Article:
The Homemade Food Operations Act
It’s estimated that at least 50,000 people in California at least occasionally sell meals that they cook at home. Most of them have no idea that what they are doing is illegal. Normally, no one bothers them. This is not because no one wants to enforce the law, but rather because the county health departments which are in charge of enforcement could not keep up with such a volume of activity. And there are political consequences to enforcing a law that people do not generally approve of once they are aware of it. However, health departments do occasionally cite individuals, usually in a public way, so that the citation acts as a deterrent to others.
The Homemade Food Operations Act (AB 626), would change this, making it legal to sell certain meals made in a home kitchen in California. This bill is in its final leg through the state Legislature: it will be heard by the State Senate in August and should find its way to the governor’s desk from there. It’s been a long journey.
First proposed in 2016 as AB 2593, by Assemblywoman Cheryl Brown (San Bernardino), with sponsorship from the Internet platform Josephine, which was working to organize home cooks, the bill met with a lot of resistance, significantly from health officials, who worried about its implications to food safety and public health. Quickly shelved for the year, the current version of the bill was introduced by Assemblyman Eduardo Garcia (Riverside), with continuing sponsorship from Josephine. This version of the bill has been winding its way through the legislature for the last year and a half, getting amended, picking up supporters and opposition, losing its original sponsor Josephine, which went out of business, but getting a new sponsor in the C.O.O.K. Alliance, a community group formed by the founders of Josephine and community advocates. Somehow through all of this, the bill has survived and is on the verge of becoming law.
Why a Homemade Food Operations Act? We can trace the origins of this law back to a predecessor, the Homemade Food Act (AB 1616), also known as the Cottage Food Law, of 2012. This law, championed by Assemblyman Mike Gatto (Los Angeles) and sponsored by the Sustainable Economies Law Center (SELC) was inspired by the raid of home baker Mark Stambler, who had been selling his bread to local restaurants, something not then allowed under California law. Passage of this law, which was also met with resistance, permitted the production of small quantities of certain “non-potentially hazardous” (think shelf stable) foods, like breads, dried fruit and jams, to be sold from home kitchens by licensed producers.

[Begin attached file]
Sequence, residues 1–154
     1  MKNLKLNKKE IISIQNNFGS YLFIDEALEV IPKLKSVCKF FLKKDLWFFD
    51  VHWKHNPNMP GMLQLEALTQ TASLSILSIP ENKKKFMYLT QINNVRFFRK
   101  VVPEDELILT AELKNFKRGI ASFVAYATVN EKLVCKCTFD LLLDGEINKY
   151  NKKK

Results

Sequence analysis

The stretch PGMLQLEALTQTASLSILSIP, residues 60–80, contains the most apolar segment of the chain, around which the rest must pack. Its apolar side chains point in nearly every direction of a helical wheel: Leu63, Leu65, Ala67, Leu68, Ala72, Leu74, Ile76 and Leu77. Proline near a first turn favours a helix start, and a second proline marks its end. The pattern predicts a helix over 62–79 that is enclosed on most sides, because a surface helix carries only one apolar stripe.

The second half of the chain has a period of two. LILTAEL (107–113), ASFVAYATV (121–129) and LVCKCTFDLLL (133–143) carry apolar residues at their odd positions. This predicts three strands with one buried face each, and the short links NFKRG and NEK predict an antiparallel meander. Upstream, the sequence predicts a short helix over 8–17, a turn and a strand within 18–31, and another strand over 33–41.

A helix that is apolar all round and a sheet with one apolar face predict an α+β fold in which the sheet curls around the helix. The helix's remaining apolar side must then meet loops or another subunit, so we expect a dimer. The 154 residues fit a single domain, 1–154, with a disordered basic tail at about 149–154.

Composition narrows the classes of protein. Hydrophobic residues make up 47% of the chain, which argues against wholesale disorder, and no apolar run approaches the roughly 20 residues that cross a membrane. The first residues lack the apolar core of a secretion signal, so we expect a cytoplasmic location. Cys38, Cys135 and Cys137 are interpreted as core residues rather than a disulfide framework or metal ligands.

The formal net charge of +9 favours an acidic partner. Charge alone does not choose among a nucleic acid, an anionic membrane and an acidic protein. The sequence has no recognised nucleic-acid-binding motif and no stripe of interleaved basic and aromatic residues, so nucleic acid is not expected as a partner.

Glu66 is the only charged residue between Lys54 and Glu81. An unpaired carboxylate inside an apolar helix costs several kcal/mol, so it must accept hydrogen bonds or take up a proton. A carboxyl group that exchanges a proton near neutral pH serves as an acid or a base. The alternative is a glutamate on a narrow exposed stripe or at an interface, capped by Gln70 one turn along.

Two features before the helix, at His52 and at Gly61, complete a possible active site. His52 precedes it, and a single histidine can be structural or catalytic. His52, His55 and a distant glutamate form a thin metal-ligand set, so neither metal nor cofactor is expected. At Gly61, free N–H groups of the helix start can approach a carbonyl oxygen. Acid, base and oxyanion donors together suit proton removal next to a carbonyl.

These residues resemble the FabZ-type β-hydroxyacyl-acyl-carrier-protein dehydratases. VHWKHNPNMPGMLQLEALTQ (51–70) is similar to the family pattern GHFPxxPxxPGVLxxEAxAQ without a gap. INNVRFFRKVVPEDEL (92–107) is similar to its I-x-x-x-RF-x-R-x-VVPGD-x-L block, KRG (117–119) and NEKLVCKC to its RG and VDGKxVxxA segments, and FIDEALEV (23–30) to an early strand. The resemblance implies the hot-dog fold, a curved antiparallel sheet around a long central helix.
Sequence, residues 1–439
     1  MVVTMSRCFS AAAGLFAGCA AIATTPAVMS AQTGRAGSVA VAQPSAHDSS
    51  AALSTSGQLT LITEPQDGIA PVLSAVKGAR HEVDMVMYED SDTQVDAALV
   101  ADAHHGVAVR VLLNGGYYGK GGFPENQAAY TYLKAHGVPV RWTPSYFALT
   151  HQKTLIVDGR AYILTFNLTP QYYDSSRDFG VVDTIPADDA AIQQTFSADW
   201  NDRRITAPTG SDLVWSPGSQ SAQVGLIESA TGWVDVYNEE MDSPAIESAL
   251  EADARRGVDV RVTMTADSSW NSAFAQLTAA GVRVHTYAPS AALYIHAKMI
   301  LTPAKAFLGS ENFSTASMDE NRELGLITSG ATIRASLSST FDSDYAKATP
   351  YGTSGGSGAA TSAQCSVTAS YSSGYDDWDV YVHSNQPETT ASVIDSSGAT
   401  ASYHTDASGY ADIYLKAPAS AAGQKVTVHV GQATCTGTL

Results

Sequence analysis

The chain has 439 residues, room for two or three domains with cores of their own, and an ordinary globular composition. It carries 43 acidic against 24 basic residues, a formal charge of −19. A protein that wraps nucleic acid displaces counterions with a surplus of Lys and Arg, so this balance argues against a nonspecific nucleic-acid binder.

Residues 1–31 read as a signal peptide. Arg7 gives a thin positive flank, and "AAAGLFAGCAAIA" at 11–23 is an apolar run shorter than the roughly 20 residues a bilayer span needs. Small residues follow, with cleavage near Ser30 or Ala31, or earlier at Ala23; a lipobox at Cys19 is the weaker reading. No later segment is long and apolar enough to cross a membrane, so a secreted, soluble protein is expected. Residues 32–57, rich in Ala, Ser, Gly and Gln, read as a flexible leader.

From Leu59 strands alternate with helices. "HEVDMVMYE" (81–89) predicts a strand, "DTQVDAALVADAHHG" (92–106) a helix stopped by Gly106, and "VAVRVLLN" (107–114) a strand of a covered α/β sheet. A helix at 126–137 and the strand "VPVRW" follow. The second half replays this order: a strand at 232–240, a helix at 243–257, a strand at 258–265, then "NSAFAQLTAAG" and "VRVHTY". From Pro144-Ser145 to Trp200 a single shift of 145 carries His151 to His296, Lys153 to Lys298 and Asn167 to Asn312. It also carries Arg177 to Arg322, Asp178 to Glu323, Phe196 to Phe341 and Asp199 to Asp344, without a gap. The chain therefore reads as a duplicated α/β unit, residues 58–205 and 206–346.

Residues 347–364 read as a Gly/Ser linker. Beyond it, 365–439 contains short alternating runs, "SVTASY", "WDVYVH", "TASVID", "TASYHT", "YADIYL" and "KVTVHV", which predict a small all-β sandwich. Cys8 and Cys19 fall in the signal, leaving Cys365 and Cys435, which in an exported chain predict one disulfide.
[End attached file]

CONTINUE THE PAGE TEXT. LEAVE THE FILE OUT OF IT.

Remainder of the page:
Some people have noted that the foods permitted under the Cottage Food Law are not the healthiest. Some shelf stable foods are made stable by adding lots of sugar and permitted cottage foods do tend to be sugary. This may be true, but that was not the main reason for passing the law. Rather the Cottage Food Law was a step toward re-localizing food production, allowing home-based food businesses to exist, whether as a side-line for a homebound person, or as a starter kit for a potential new business, which if successful would move into its own facility. It was an attempt to boost local economies. It acknowledged that home food production was happening anyway, and that licensing even part of it should make it safer (not that there were reports of homemade food creating significant health problems to begin with). It began a process of re-connecting people to their food, giving them new channels to buy local food from people they know, rather than buying food from unknown sources at large grocery stores.
Since 2012, a number of other bills have passed through the California Legislature which have also acted to re-connect people to their food. Some notable bills that have become law include the Neighborhood Food Act, which created a right for citizens to grow food in their backyards and on patios, the Seed Exchange Democracy Act, which enshrined the right of libraries and other community groups to hold seed libraries and seed exchanges of small amounts of local seeds, and the Urban Agriculture Incentive Zones Act, which gives communities the right to give private landowners tax incentives for dedicating their property to agriculture. We seem to be on a roll.
The Homemade Food Operations Act is arguably then only the latest in a series of bills to re-connect people with their food. It is not even alone in 2018, as the Safe Sidewalk Vending Act (SB 946) authored by Senator Ricardo Lara (Los Angeles), which is also working its way through the legislature, would also work to re-localize food by legalizing sidewalk vendors throughout California and so making them safer. And it will not be the last. Food advocates have ideas for future bills which will continue this work.
Of course, this bill is not without controversy. Besides the food safety and public health issues raised by health officials, concern with Internet platforms gaining too much control over home cooks – the “Uberization” of homemade food – and concern by counties who don’t feel that they can afford to implement the law have been raised. Look for future blog posts which dive into these issues. And for ways that you can support the bill during its final passage through the legislative process.
Peter Ruddock is a California food advocate, who works with a number of local, grassroots non-profits which focus on education around the concepts of good, healthy, local food, on building resilient local economies, significantly through the re-localization of food, and on changing laws which act as impediments to healthy food and resilient local economies.
Full disclosure: Peter is an advisor to the bill’s sponsor, the C.O.O.K. Alliance.